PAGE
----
Abstract: Objective:- To compare the performance of two new approaches to risk adjustment that are free of the influence of observational intensity with methods that depend on diagnoses listed in administrative databases. Setting:- Administrative data from the US Medicare program for services provided in 2007 among 306 US hospital referral regions. Design:- Cross sectional analysis. Participants:- 20% sample of fee for service Medicare beneficiaries residing in one of 306 hospital referral regions in the United States in 2007 (n=5 153 877). Main outcome measures:- The effect of health risk adjustment on age, sex, and race adjusted mortality and spending rates among hospital referral regions using four indices: the standard Centers for Medicare and Medicaid Services—Hierarchical Condition Categories (HCC) index used by the US Medicare program (calculated from diagnoses listed in Medicare’s administrative database); a visit corrected HCC index (to reduce the effects of observational intensity on frequency of diagnoses); a poverty index (based on US census); and a population health index (calculated using data on incidence of hip fractures and strokes, and responses from a population based annual survey of health from the Centers for Disease Control and Prevention). Results:- Estimated variation in age, sex, and race adjusted mortality rates across hospital referral regions was reduced using the indices based on population health, poverty, and visit corrected HCC, but increased using the standard HCC index. Most of the residual variation in age, sex, and race adjusted mortality was explained (in terms of weighted R2) by the population health index: R2=0.65. The other indices explained less: R2=0.20 for the visit corrected HCC index; 0.19 for the poverty index, and 0.02 for the standard HCC index. The residual variation in age, sex, race, and price adjusted spending per capita across the 306 hospital referral regions explained by the indices (in terms of weighted R2) were 0.50 for the standard HCC index, 0.21 for the population health index, 0.12 for the poverty index, and 0.07 for the visit corrected HCC index, implying that only a modest amount of the variation in spending can be explained by factors most closely related to mortality. Further, once the HCC index is visit corrected it accounts for almost none of the residual variation in age, sex, and race adjusted spending. Conclusion:- Health risk adjustment using either the poverty index or the population health index performed substantially better in terms of explaining actual mortality than the indices that relied on diagnoses from administrative databases; the population health index explained the majority of residual variation in age, sex, and race adjusted mortality. Owing to the influence of observational intensity on diagnoses from administrative databases, the standard HCC index over-adjusts for regional differences in spending. Research to improve health risk adjustment methods should focus on developing measures of risk that do not depend on observation influenced diagnoses recorded in administrative databases.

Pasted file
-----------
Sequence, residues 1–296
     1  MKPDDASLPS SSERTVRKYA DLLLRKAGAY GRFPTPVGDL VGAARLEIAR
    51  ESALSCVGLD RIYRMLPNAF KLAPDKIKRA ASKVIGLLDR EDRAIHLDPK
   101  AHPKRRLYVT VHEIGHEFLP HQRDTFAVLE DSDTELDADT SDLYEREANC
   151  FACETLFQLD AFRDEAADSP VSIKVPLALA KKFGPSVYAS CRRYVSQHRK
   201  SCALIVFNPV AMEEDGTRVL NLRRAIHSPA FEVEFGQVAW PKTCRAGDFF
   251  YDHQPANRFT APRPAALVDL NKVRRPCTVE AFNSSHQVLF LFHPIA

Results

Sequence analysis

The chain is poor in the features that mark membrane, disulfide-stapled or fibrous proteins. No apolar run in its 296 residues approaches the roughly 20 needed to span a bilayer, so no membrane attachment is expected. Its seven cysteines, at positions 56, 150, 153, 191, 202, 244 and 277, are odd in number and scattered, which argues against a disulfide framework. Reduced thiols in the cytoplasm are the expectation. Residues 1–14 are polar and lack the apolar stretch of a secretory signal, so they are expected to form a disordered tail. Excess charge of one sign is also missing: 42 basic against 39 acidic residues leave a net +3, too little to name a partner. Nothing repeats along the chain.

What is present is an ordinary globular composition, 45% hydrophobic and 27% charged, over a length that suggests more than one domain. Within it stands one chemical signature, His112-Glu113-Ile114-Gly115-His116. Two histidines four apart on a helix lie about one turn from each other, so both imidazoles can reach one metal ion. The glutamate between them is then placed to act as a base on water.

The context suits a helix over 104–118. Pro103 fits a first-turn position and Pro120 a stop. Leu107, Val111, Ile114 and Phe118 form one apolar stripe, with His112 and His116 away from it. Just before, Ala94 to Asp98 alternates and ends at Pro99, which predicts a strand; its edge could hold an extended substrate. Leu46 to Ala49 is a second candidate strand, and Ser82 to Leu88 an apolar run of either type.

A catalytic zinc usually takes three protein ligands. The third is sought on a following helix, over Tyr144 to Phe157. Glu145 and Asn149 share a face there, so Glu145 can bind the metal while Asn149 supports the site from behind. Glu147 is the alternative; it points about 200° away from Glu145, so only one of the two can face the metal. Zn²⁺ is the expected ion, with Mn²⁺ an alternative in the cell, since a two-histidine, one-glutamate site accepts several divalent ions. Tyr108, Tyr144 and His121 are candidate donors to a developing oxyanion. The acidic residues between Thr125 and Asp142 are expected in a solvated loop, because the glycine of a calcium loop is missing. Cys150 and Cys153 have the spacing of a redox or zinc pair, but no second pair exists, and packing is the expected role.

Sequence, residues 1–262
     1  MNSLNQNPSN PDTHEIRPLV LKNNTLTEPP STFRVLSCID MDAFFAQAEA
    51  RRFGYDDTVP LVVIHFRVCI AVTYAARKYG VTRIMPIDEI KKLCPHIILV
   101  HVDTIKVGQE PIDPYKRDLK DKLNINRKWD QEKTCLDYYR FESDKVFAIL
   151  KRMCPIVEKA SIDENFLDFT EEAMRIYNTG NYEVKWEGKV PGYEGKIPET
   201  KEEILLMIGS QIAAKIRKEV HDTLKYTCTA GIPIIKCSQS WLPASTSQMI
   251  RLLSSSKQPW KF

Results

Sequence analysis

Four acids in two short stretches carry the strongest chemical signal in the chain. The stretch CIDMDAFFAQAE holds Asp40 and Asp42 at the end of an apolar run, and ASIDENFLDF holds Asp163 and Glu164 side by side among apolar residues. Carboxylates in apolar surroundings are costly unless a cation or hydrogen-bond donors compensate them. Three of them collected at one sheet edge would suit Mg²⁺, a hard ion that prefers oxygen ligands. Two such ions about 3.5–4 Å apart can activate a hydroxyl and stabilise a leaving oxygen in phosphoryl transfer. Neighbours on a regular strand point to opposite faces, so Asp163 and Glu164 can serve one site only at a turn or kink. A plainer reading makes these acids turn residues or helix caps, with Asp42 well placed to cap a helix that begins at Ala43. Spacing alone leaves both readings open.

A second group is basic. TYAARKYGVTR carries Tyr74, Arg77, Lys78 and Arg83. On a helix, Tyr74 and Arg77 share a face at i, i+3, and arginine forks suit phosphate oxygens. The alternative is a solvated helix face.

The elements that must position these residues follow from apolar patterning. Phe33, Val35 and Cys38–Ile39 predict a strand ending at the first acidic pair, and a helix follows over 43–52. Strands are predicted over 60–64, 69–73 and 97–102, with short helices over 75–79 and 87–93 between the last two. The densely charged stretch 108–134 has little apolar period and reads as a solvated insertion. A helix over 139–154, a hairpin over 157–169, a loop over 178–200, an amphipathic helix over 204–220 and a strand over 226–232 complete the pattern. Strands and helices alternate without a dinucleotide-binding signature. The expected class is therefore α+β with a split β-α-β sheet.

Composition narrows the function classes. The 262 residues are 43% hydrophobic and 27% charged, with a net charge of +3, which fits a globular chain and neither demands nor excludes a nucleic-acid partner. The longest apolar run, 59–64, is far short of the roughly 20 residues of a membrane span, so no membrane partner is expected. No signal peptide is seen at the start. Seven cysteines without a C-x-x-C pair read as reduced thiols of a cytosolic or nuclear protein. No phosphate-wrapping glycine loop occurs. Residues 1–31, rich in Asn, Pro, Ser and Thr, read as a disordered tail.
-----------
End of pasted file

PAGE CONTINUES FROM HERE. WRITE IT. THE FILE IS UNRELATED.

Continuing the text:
JEL: G32
    Date: 2014–04–10